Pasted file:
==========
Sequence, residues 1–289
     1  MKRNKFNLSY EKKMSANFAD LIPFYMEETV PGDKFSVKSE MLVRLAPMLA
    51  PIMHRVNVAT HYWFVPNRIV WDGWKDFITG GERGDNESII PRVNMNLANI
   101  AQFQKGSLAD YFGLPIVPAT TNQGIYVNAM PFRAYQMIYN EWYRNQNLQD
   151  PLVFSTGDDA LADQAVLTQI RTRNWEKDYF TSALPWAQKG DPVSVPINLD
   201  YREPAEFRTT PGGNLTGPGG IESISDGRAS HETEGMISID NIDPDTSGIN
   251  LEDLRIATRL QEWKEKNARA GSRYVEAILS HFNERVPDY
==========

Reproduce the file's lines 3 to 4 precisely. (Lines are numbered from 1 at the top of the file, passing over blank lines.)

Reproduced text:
    51  PIMHRVNVAT HYWFVPNRIV WDGWKDFITG GERGDNESII PRVNMNLANI
   101  AQFQKGSLAD YFGLPIVPAT TNQGIYVNAM PFRAYQMIYN EWYRNQNLQD